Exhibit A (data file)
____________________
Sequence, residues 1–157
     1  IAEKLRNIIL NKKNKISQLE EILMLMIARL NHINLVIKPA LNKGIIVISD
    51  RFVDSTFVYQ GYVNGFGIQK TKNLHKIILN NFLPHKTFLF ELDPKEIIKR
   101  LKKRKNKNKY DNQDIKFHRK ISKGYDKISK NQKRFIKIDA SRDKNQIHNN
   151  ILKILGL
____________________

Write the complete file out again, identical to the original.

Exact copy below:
Sequence, residues 1–157
     1  IAEKLRNIIL NKKNKISQLE EILMLMIARL NHINLVIKPA LNKGIIVISD
    51  RFVDSTFVYQ GYVNGFGIQK TKNLHKIILN NFLPHKTFLF ELDPKEIIKR
   101  LKKRKNKNKY DNQDIKFHRK ISKGYDKISK NQKRFIKIDA SRDKNQIHNN
   151  ILKILGL